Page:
Dr Max Hope, Senior Lecturer in Human Geography and Planning in the School of Built Environment & Engineering at Leeds Beckett, is part of the Natural Environment Research Council (NERC) project, working with aid and humanitarian agency, Concern Worldwide, to develop an aftershock forecasting tool to inform humanitarian emergency planning and response.
Max explained: “Already this century, earthquakes have resulted in over three-quarters of a million deaths, as well as economic losses of more than a quarter of a trillion US dollars since 1980, making them by far the most destructive of the natural hazards. Earthquakes can’t be predicted but it is increasingly possible to forecast the aftershocks that occur after a major earthquake. This tool will be useful to humanitarian non-government organisations co-ordinating emergency response activities in post-earthquake situations.”
Max is part of a team within the NERC project who will look at cultural influence on aftershock responses. Rapid community response to aftershocks is crucial to prevent subsequent loss of life in earthquake-stricken areas. Yet local response can be delayed or inhibited by a number of social, cultural and political factors. In order to enable local populations to both collect data and respond effectively to actionable forecasts, the researchers will identify and address the specific cultural, social, and political factors that may impede communication between the different communities of practice (scientists, Non-Governmental Organisations (NGOs), and affected populations), distort risk perception and reduce information and technological uptake.
The team will look to identify leaders within affected communities who could facilitate knowledge distribution, embed good practice, and act as reference points and response models. They will also analyse conflict, migration, gender differences, social and economic inequality issues which all have the potential to exert a negative impact on disaster response.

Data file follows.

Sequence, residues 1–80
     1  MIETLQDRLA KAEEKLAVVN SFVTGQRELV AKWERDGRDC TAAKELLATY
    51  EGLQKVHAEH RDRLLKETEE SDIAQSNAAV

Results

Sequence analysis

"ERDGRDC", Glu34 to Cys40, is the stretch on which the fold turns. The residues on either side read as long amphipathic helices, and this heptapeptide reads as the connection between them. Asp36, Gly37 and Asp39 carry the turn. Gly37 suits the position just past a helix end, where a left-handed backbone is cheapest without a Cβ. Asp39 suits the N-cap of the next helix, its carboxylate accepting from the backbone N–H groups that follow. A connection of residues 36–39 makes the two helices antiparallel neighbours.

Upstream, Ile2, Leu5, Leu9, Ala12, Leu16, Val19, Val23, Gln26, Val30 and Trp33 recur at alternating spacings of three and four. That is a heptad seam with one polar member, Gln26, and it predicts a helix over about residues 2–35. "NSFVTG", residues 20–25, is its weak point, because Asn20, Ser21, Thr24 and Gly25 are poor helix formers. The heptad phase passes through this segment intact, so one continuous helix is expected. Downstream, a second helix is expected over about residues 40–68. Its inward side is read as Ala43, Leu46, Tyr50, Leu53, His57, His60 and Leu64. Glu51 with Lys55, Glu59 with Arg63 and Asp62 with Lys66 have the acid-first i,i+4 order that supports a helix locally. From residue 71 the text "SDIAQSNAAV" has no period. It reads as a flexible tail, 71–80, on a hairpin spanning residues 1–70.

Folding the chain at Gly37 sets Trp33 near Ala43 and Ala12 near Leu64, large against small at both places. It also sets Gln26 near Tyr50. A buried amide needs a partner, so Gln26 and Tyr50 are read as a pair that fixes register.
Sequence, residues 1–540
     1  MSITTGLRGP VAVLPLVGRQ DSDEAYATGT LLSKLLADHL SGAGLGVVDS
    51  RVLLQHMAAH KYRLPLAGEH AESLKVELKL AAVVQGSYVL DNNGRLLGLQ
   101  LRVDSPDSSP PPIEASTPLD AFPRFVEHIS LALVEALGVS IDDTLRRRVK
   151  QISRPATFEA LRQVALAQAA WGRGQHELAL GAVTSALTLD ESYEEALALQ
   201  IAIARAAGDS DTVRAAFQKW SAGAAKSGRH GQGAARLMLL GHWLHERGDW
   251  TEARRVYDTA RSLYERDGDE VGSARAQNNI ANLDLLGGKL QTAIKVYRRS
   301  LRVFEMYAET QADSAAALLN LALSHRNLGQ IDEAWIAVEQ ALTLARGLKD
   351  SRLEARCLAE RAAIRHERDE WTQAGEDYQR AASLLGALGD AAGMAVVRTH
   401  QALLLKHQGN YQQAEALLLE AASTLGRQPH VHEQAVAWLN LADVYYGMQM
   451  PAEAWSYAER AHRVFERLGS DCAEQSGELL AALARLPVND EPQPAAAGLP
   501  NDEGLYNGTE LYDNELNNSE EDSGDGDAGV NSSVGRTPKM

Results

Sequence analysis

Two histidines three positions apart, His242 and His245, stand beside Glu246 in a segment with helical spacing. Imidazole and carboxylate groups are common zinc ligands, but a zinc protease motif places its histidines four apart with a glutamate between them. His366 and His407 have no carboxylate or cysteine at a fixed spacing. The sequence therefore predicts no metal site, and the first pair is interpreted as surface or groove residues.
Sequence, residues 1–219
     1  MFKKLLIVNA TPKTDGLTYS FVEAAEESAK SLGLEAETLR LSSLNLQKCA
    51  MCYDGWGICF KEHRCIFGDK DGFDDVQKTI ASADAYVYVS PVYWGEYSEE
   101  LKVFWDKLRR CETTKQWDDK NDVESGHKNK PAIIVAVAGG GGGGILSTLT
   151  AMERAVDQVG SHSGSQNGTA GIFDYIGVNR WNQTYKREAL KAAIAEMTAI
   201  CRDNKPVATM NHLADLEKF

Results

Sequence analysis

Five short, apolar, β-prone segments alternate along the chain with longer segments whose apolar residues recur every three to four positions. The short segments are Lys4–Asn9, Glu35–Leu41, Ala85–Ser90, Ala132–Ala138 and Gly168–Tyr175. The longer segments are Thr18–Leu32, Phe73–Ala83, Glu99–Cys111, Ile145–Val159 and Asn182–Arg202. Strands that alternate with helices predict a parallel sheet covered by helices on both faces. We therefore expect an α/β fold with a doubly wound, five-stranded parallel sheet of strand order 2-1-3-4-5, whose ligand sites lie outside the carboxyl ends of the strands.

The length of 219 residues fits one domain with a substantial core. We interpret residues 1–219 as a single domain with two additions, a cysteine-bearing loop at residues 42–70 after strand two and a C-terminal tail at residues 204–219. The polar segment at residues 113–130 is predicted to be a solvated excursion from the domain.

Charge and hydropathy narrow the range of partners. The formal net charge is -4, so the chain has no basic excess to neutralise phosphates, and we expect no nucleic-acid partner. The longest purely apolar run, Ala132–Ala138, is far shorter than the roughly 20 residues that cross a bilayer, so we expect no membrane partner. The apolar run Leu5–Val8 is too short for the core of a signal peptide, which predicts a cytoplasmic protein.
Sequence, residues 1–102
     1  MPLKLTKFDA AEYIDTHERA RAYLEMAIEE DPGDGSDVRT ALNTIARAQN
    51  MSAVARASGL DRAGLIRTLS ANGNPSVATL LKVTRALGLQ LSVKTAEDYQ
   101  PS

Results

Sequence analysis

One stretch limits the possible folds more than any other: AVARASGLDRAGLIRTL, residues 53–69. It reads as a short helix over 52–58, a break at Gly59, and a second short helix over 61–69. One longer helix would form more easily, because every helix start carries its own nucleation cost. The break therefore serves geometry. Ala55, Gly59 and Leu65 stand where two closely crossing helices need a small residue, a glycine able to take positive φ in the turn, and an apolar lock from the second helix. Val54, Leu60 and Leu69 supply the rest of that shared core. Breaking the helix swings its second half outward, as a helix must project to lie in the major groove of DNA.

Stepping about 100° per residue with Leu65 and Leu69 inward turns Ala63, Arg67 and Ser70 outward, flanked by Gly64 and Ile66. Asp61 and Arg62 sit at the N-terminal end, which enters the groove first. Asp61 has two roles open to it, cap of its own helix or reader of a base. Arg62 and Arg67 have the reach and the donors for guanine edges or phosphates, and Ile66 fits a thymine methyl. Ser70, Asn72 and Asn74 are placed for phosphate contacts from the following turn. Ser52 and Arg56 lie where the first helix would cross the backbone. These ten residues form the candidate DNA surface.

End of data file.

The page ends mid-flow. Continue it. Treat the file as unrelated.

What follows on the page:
The researchers will assess how cultural and historical factors may condition risk evaluation and response among indigenous populations. This is crucial in providing and implementing effective, culturally-sensitive strategies that may diverge from traditional response mechanisms.
The work of the researchers will assist both seismologists and NGOs in delivering culturally and politically appropriate information, such as policy briefing and media and outreach content, that would enable robust data collection and effective post-event response to aftershocks.
Max added: “This approach was successfully piloted during the 2015 Nepal earthquake. This new project is an exciting opportunity to learn from that experience and to ‘scale up’ the approach so that it becomes integrated into risk assessment and decision making processes in many humanitarian organisations.”
An account of the Nepal 2015 earthquake ‘pilot’ can be read here.
Dr Max Hope is a Senior Lecturer in Human Geography and Planning at Leeds Beckett who joined the School of Built Environment & Engineering from Ulster University in March 2016.>
His research and teaching focus on social challenges and implications of contemporary environmental change and in particular the role played by grassroots actors and non-governmental organisations in environmental governance. Key issues include vulnerability to natural hazards (earthquakes, flooding), sustainable development, climate change adaption and resilience, and motivations for environmentally friendly behaviour. He is particularly interested in the relationship between expert-led and community-led responses to these challenges and related issues of knowledge exchange and co-production.
Photo used courtesy of Jessica Lea/DFID